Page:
1 Introduction
Two fundamental steps in geostatistical analysis are estimating the parameters of a Gaussian stochastic process and predicting the process at new locations. In both steps, the covariance function covers a central aspect. For instance, mean square error optimal prediction at an unobserved site depends on the knowledge of the covariance function. Since a covariance function must be positive definite, practical estimation generally requires the selection of some parametric families of covariances and the corresponding estimation of these parameters.
The maximum likelihood (ML) estimation method is generally considered the best method for estimating the parameters of covariance models. Nevertheless, the study of the asymptotics properties of ML estimation, is complicated by the fact that more than one asymptotic frameworks can be considered when observing a single realization (Zhang and Zimmerman, 2005). The increasing domain asymptotic framework corresponds to the case where the sampling domain increases with the number of observed data and where the distance between any two sampling locations is bounded away from 0. The fixed domain asymptotic framework, sometimes called infill asymptotics (Cressie, 1993), corresponds to the case where more and more data are observed in some fixed bounded sampling domain.
General results for the asymptotics properties of th ML estimator, under increasing domain asymptotic framework and some mild regularity conditions, are given in Mardia and Marshall (1984) and Bachoc (2014). Specifically they show that ML estimates are consistent and asymptotically Gaussian with asymptotic covariance matrix equal to the inverse of the Fisher information matrix.
Under fixed domain asymptotics, no general results are available for the asymptotic properties of ML estimation. Yet, some results have been obtained when assuming the covariance belongs to MT (Matérn, 1960) or GW (Gneiting, 2002) models. Both families allow for a continuous parameterization of smoothess of the underlying Gaussian process the GW family being additionally compactly supported (Bevilacqua et al., 2017). Specifically, when the smoothness parameter is known and fixed, not all parameters can be estimated consistently, when , with
the dimension of the Euclidean space. Instead, the ratio of variance and scale (to the power of a function of the smoothing parameter), sometimes called microergodic parameter is consistently estimable. This follows from results given in
Zhang (2004) for the MT model and Bevilacqua et al. (2017) for the GW model.Asymptotic results for ML estimation of the microergodic parameter of the MT model can be found in Zhang (2004), Du et al. (2009), Wang and Loh (2011) when the scale parameter is assumed known and fixed. Kaufman and Shaby (2013) give strong consistency and asymptotic distribution of the microergodic parameter when estimating jointly the scale and the variance parameters and by means of a simulation study they show that the asymptotic approximation is considerably improved in this case, even for large sample size. Similar results for the microergodic parameter of the GW model can be found in Bevilacqua et al. (2017).
In terms of prediction, under fixed domain asymptotic, Stein (1988, 1990) provides conditions under which optimal predictions under a misspecified covariance function are asymptotically efficient, and mean square errors converge almost surely to their targets. Stein’s conditions translates into the fact that the true and the misspecified covariances must be compatible, that is the induced Gaussian measures are equivalent (Skorokhod and Yadrenko, 1973; Ibragimov and Rozanov, 1978). A weaker condition, based on ratio of spectral densities, is given in Stein (1993).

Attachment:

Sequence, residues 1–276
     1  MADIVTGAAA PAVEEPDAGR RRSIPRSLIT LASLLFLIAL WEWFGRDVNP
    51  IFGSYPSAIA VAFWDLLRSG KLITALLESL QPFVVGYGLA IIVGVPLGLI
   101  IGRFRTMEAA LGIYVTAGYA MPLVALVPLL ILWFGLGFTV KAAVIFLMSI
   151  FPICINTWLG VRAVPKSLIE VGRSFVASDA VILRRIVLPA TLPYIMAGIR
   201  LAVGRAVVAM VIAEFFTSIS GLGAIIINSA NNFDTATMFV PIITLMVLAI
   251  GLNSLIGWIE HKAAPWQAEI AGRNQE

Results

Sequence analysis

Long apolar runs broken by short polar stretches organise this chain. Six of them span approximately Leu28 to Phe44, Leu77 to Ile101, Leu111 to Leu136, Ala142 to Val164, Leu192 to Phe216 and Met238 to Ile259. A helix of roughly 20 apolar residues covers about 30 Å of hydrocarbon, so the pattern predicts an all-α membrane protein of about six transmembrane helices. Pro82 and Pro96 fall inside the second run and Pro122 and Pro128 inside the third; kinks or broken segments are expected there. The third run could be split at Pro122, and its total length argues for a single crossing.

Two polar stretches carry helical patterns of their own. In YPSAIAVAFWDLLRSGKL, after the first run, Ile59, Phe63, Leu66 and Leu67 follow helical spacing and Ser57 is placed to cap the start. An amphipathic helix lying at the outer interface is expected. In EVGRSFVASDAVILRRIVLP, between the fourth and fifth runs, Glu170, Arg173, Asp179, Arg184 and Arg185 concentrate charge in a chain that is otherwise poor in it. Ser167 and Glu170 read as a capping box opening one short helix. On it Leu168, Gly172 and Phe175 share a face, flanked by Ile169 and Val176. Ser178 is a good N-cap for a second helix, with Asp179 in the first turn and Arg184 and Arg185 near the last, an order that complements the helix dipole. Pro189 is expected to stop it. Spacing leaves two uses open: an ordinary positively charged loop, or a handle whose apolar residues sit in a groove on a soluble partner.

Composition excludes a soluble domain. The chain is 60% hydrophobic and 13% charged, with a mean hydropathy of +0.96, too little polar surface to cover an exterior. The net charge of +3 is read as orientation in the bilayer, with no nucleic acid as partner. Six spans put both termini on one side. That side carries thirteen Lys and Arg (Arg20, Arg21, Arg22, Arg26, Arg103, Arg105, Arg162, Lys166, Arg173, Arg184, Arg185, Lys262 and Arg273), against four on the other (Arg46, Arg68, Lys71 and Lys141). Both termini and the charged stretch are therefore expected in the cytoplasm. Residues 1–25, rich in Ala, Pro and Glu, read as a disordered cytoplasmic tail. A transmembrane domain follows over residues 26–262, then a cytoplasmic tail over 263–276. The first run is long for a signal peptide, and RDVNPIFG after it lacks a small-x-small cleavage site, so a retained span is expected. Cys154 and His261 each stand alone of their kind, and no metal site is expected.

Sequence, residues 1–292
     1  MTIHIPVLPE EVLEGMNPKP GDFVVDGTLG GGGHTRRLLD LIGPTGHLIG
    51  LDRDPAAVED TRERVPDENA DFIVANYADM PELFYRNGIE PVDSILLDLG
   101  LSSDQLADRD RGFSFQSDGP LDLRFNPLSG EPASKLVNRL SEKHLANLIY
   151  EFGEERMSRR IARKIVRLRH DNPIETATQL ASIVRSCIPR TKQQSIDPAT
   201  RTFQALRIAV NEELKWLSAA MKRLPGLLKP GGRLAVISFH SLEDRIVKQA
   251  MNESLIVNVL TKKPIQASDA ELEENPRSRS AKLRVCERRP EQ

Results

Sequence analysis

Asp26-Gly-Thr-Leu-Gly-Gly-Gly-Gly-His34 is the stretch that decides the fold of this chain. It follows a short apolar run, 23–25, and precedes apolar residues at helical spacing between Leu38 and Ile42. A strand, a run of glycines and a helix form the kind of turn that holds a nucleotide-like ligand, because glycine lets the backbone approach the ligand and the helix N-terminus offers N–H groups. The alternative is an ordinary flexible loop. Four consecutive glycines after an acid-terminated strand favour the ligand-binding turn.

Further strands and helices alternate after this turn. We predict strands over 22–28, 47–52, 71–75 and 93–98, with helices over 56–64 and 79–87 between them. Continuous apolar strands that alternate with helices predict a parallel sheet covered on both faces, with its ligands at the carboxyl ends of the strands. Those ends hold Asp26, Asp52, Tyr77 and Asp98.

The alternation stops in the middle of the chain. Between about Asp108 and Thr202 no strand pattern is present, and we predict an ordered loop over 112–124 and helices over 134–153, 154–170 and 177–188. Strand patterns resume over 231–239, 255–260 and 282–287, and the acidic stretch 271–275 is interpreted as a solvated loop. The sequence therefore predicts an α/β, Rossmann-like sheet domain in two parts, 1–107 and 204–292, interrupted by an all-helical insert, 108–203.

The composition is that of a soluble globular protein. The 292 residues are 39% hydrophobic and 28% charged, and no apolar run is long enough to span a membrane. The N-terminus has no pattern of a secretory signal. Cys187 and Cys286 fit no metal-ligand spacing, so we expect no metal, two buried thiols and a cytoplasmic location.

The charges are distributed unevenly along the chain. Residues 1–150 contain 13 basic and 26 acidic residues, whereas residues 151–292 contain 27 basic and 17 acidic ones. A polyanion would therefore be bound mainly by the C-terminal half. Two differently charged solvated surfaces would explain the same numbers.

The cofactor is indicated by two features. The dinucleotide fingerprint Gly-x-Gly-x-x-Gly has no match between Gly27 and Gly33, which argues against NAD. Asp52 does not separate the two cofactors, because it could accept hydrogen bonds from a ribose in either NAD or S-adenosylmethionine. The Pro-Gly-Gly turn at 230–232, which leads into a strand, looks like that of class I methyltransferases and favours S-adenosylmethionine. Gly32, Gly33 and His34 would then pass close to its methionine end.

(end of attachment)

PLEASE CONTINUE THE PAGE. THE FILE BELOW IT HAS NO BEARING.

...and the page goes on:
In this paper we study ML estimation and prediction of Gaussian processes, under fixed domain asymptotics, using GC covariance model. GC family of covariance models has been proposed in Gneiting and Schlather (2004) and deeply studied in Lim and Teo (2009). It is particularly attractive because Gaussian processes with such covariance function allow for any combination of fractal dimension and Hurst coefficient, an appealing feature in many physical, biological or geological systems (see (Gneiting et al., 2012) and Gneiting and Schlather (2004) and the references therein).
In particular, we offer the following results. First, we characterize the equivalence of two Gaussian measures with covariance functions belonging to the GC family and sharing the same smoothness parameter. A consequence of this result is that, as in MT and GW covariance models, when the smoothness parameter is known and fixed, not all parameters can be estimated consistently, under fixed domain asymptotics. Then we give sufficient conditions for the equivalence of two Gaussian measure where the state of truth is represented by a member of the MT or GC family and the other Gaussian measure has a GC covariance model.
We then assess the asymptotic properties of the ML estimator of the microergodic parameter associated to the GC family. Specifically, for a fixed smoothness parameter, we establish strong consistency and asymptotic distribution of the microergodic parameter assuming the scale parameter fixed and known. Then, we generalize these results when jointly estimating with ML the variance and the scale parameter.
Finally, using results in Stein (1988) and Stein (1993), we study the implications of our results on prediction, under fixed domain asymptotics. One remarkable implication is that when the true covariance belongs to the GC family, asymptotic efficiency prediction and asymptotically correct estimation of mean square error can be achieved using a compatible compactly supported GW covariance model.
The remainder of the paper is organized as follows. In Section 2 we review some results about MT, GW and GC covariance models. In Section 3 we first characterize the equivalence of Gaussian measure under the GC covariance model. Then we give sufficient conditions for the equivalence of two Gaussian measures with MT and GC and two Gaussian measures with GW and GC covariance models. In Section 4 we establish strong consistency and asymptotic distribution of the ML estimation of the microergodic parameter of the GC models, under fixed domain asymptotics. Section 5 discuss the consequences of our results in terms of prediction, under fixed domain asymptotics. Section 6 provides two simulation studies: the first show how well the given asymptotic distribution of the microergodic parameter apply to finite sample cases, when estimating with ML a GC covariance model under fixed domain asymptotics. The second compare the finitesample behavior of the prediction when using two compatible GC and GW models, when the true model is GC. The final Section provides a discussion on the consequence of our results and open problems for future research.